The past year was very difficult for the world financial system. Banks of most of the world’s developed and developing countries suffered huge losses, and in some cases, it took even the intervention of the authorities in order to prevent their bankruptcy and collapse of the banking system, transmits Reuters.
Of course, large-scale crisis plans of the authorities had their effect, and investors are gradually beginning to return their confidence. But some experts warn that the crisis is not yet finished, and soon many banks will have to write off their assets. This is particularly true of European banks, underscore the market participants.
According to estimates of some analysts, European banks will have to cancel orders of about $ 280 billion of bad assets over the next year and a half, and a lot will depend on their ability to attract new capital. “Banks should be able to earn money and solve their problems. Investors’ attitudes to them depend largely on these skills, – said bank analyst of Hugh baths Shtinis Morgan Stanley. – Of course, investors are asking how many banks will need time to recover from the crisis”. In early March shares of European banks fell to their lowest level over the past 17 years. Then they were able to somewhat balance their decline and the growth of bank securities in Europe grew by about 20% during the period of this year. However, we should not forget that in the event of a panic among investors the quotes of companies of the banking sector may once again collapse; even though the threat of collapse of the European banking system is left behind. Meanwhile, rating agency S & P warned earlier this week that the financial environment still leaves much to be desired, and that not all European financial groups will survive the current crisis. “Earlier this week, another rating agency Moody’s downgraded the ratings of 25 European banks. Among the “low” rated banks were Spanish bank BBVA, German Deutsche Bank, French BNP Paribas and a huge number of smaller banks. In turn, UBS analyst John-Paul Kratchli notes that the European banking sector still “lacks capital.”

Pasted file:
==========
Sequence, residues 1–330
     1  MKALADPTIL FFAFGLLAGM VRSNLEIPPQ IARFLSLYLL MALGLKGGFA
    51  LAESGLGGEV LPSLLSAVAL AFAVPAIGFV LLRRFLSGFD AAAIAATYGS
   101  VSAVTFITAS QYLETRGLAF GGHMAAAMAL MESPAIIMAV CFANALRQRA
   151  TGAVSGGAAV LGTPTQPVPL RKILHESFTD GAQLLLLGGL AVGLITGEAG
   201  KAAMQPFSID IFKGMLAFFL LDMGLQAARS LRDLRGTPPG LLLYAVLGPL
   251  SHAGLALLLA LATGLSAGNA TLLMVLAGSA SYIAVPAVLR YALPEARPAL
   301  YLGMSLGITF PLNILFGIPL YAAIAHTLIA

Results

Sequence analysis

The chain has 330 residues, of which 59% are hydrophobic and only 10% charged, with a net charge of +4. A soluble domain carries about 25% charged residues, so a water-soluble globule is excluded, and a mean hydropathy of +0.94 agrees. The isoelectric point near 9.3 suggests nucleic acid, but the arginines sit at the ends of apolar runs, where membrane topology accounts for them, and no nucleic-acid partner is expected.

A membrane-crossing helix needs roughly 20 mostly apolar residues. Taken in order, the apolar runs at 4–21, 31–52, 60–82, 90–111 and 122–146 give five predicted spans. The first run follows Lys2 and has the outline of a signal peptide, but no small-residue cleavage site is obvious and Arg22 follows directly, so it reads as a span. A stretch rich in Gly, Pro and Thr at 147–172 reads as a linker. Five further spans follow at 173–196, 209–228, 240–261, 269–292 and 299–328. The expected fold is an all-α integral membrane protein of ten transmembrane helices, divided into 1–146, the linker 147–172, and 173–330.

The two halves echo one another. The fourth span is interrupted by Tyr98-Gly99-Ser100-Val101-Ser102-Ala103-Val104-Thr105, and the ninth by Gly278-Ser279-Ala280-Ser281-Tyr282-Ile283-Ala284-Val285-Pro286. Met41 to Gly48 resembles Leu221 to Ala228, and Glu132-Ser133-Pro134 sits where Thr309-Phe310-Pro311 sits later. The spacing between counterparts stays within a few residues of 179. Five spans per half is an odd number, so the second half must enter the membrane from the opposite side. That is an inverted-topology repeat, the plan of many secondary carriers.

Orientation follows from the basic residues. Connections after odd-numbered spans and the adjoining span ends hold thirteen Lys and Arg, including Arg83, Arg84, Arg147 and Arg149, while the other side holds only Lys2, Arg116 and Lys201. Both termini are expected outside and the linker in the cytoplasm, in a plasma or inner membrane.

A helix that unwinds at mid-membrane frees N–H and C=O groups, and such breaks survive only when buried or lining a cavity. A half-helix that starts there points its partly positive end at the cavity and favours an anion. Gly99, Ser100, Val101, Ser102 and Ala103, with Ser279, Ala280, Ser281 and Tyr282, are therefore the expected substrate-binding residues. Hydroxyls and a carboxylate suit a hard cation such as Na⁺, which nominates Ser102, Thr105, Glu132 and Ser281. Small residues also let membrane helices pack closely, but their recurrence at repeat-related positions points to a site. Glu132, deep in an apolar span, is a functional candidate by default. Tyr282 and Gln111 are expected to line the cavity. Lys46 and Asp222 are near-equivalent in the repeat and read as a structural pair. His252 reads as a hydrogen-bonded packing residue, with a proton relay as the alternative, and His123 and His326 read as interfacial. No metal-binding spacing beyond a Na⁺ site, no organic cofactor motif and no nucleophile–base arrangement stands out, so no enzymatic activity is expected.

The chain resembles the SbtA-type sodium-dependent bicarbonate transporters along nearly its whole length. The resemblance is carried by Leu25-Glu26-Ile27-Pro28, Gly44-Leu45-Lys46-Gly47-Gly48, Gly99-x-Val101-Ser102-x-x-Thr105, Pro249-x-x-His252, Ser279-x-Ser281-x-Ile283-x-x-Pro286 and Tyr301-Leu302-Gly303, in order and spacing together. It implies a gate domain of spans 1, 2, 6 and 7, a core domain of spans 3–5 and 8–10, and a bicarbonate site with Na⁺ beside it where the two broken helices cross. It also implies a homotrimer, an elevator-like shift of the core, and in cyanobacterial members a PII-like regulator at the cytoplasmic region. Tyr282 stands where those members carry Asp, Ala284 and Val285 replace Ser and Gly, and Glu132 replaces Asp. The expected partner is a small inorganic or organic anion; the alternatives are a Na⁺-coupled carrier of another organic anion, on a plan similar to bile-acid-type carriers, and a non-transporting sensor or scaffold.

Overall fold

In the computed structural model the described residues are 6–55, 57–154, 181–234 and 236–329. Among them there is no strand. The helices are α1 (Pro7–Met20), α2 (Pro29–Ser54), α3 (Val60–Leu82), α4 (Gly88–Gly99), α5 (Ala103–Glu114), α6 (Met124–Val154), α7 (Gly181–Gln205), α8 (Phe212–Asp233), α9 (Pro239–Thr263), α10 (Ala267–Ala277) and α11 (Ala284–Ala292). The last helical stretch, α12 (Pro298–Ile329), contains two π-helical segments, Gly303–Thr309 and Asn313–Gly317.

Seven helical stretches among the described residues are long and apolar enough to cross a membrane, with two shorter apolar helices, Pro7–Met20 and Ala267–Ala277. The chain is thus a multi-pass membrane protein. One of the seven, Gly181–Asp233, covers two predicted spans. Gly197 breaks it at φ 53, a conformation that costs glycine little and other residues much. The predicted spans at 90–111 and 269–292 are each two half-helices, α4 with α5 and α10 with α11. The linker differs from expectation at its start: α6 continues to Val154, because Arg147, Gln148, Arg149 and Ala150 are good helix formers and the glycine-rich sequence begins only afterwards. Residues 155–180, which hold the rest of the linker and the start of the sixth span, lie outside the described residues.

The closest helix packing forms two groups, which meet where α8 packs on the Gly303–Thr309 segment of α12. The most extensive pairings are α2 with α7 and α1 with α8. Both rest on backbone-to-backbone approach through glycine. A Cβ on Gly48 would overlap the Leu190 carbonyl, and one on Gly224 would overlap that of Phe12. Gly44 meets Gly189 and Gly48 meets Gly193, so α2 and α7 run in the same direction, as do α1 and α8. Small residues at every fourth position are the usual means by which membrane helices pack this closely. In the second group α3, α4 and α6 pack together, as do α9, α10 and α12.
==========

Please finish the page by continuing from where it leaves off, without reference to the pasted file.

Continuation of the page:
The most interesting thing is that U.S. banks have managed to attract new capital much better than the European ones have done. For example, during the period of this year European banks have attracted about 42 billion dollars of new capital. Last year the figure was 126 billion dollars. For comparison: the U.S. banks attracted 68 billion U.S. dollars only during this quarter. And there is every reason to assume that the European banks will have to try to find the money as soon as possible.